There are reasons to read this book and not to read this book.

First, the not-reason. From the title, Human Accomplishment details the successes of humans from 800 BCE to 1950 — 2750 years of achievement by the top-tier of homo sapiens. Statistically speaking, the average person will neither contribute nor perform anything absolutely significant to society. (They may contribute some relatively significant, but nothing absolute.) This book serves as a stark reminder of this fact. Some are uncomfortable with this and prefer to live thinking that they have or eventually will have a profound impact on the world, which is perfectly fine. Don’t read this book nor this review. Done.

Now, the more compelling to-reason from another perspective. From the title, Human Accomplishment details the successes of humans from 800 BCE to 1950 — 2750 years of achievement by the top-tier of homo sapiens. Conveniently compiled in a single 668-page book (which includes the main body chapter, appendices, notes, bibliography, and index), Murray objectively (more on the use of this term later) lays out the crowning moments of the human race in science and the arts. No need to go through volumes of text wondering if your favorite author is considered among the best ever (hint: they’re probably not). Instead, consult this book and find out who the best ever are among sciences, philosophy, art, technology, and literature.

The air transport market requires both high specific power and high energy density

Sunday, June 7th, 2020

Existing lithium batteries have a low energy density, while existing fuel cells have low specific power. The air transport market requires both high specific power and high energy density:

Forecasting that suitable lithium battery technology might be as much as 15 years away, the HyPoint team began focusing its efforts on a fuel cell design specifically targeted at eVTOLs. To keep things lightweight, it would have to be an air-cooled design; liquid-cooled fuel cells, says Ivanenko, work well in the automotive world, but the associated coolant tanks and pumps add parasitic mass that literally isn’t going to fly in the aviation world.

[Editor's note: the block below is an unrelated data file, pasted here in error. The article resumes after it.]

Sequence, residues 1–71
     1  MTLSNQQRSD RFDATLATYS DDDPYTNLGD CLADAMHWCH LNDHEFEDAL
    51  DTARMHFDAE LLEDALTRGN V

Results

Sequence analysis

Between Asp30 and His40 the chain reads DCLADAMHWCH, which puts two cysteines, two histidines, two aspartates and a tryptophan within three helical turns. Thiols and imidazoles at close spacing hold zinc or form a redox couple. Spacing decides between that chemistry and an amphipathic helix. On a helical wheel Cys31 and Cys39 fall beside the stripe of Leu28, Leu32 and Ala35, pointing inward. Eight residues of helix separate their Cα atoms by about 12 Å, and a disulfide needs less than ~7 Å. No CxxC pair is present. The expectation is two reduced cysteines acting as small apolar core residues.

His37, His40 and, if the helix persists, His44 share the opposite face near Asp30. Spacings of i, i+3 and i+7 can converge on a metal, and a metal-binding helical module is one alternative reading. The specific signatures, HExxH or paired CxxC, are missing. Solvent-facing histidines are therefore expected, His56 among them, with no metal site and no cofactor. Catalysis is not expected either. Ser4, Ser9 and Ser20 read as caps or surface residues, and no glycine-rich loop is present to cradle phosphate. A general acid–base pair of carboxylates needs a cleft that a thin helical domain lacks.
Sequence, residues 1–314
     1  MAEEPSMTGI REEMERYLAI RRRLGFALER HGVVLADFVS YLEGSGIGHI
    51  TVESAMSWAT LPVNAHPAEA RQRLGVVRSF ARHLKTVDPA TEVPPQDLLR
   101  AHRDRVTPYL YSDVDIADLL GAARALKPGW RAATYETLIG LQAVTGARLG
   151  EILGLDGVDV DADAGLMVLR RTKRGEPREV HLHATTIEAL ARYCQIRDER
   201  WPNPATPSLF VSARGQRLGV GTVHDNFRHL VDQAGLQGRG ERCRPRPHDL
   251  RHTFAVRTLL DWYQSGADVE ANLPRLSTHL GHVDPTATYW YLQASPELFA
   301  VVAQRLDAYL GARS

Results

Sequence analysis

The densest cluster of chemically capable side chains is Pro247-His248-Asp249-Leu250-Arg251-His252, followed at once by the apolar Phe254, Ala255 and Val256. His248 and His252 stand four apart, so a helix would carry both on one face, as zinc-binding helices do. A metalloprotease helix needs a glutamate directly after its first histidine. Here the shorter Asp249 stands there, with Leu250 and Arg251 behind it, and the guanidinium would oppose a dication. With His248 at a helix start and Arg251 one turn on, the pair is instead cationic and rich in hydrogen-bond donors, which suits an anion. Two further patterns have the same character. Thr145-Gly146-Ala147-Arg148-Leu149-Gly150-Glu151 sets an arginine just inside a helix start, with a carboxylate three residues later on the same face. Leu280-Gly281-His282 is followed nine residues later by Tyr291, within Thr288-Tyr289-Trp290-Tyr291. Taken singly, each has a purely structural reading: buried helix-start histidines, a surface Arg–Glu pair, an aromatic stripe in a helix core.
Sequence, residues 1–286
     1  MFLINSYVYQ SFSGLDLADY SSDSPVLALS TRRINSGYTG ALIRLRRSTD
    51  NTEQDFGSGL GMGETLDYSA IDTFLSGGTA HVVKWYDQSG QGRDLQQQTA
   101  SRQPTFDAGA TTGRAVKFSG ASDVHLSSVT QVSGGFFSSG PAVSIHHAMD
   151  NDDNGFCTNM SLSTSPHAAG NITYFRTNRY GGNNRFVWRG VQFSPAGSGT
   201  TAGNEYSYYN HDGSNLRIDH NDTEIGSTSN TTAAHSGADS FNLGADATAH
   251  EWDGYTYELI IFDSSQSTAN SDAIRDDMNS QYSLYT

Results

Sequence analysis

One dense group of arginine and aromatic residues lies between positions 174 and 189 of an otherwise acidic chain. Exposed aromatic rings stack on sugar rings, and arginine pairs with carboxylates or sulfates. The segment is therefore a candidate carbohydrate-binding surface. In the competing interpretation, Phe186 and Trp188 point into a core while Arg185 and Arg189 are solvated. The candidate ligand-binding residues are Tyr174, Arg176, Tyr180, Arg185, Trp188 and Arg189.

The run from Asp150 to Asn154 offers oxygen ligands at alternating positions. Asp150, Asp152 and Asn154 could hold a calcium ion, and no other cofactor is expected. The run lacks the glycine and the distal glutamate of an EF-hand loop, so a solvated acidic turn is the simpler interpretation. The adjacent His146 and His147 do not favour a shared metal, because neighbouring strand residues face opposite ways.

But today’s available air-cooled fuel cells, he says, have limited power capacity and lifespan, and they only work in temperatures between -5 and 30 °C (23 and 86 °F). So the HyPoint team set out to develop something faster and hardier, and came up with what they call the “turbo air-cooled fuel cell.”

“We boost the power of the fuel cell stack by placing it inside an air duct, where pressurized, humidified and thermally stabilized air is circulated by fans,” says Ivanenko. “The compression of air is maintained about 3 bars inside by a compression system, and the air with reduced oxygen content is charged through a control valve, and replaced with fresh compressed air with normal oxygen content.”

The extra oxygen on the cathode side of the fuel cell stack, in conjunction with a new High Temperature Proton Exchange Membrane (HTPEM) technology HyPoint has developed, allows you to force three times as much hydrogen through the fuel cell as a traditional design, tripling its specific power output without adding any parasitic cooling mass that might weigh a VTOL aircraft down.